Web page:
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How to Get Massage Oil Out of Sheets and Towels

Massages are great but can leave oil stains on sheets. Follow our oil removal tips to learn how to remove massage oil from sheets, towels, and other fabrics.

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How do I remove massage oil from sheets and towels?


Oily stains benefit from more concentrated cleaning solutions.  Larger items like sheets and towels that have the stains spread over them can be presoaked for more complete stain removal.  To do this, use Clorox 2® For Colors Powder. Add one scoopful to 2 gallons of hot water and stir to dissolve.  Fully submerge the sheets and towels (remember to sort whites and colors, and soak them separately) and soak for 30 minutes for colored items or 8 hours for white items.  When the presoak time is complete, drain the soaking solution and then wash the items as follows depending on the color:

Air dry the items and check for success—it may be that if you prefer using warm or cold water temperatures, you won’t achieve complete stain removal, but you can rewash the items in hot water and get much better results as long as residual oil has not been heat-set in a hot dryer. Or if you went with a shorter presoak time, you could try soaking for the full 8 hours. Something else to consider is your detergent choice–powdered detergents generally clean better than liquids so that can help, and you want to be sure to use the recommended amount.  Using too little detergent also can hurt cleaning performance.  I also want to mention the importance of using hot water again—sheets and towels generally can (and should) be washed with hot water for maximum cleaning.  When you consider the amount of body soil these items pick up, it’s really critical to get them as clean as possible.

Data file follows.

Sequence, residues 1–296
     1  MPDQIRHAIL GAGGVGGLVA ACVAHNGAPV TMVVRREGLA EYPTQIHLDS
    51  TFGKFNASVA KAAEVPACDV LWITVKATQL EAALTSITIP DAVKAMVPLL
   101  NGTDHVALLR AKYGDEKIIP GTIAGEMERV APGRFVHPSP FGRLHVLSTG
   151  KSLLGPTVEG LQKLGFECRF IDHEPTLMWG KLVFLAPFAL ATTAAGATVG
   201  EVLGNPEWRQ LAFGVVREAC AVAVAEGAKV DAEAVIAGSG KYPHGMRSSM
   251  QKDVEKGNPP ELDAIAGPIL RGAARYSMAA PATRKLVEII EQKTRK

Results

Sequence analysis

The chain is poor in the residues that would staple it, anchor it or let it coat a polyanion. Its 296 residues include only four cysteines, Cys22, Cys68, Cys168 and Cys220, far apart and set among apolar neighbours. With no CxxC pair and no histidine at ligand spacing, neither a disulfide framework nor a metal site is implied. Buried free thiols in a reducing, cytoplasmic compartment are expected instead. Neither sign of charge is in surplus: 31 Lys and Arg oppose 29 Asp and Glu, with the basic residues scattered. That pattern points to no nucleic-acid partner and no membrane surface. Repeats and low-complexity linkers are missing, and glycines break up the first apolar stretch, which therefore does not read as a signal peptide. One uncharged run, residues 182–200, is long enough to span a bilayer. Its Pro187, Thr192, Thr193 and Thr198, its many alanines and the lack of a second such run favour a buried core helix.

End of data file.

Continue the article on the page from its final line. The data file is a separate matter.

Since you didn’t say how large the stained area is, I also want to address what to do if the massage oil is localized—that is you have a small spill in one area.  You can definitely pretreat the stain directly with a little Clorox 2® For Colors Stain Remover and Laundry Additive or liquid laundry detergent.  Apply a little product directly to the stain and rub in, wait 5-10 minutes (but don’t let the product dry out on the fabric), and then wash the towels as described above.

Finally, I have one last suggestion.  If your sheets and towels are colored, check to see if you can safely bleach them with Clorox® Disinfecting Bleach.  To do this, add 2 teaspoons Clorox® Disinfecting Bleach to ¼ cup water and apply a small drop to a hidden part of the item.  Wait one minute then rinse and blot dry—no color change means the item can be safely bleached.  In that case, you would either presoak or pretreat the sheets/towels as described above, and then wash with detergent and ⅓ cup Clorox® Disinfecting Bleach.

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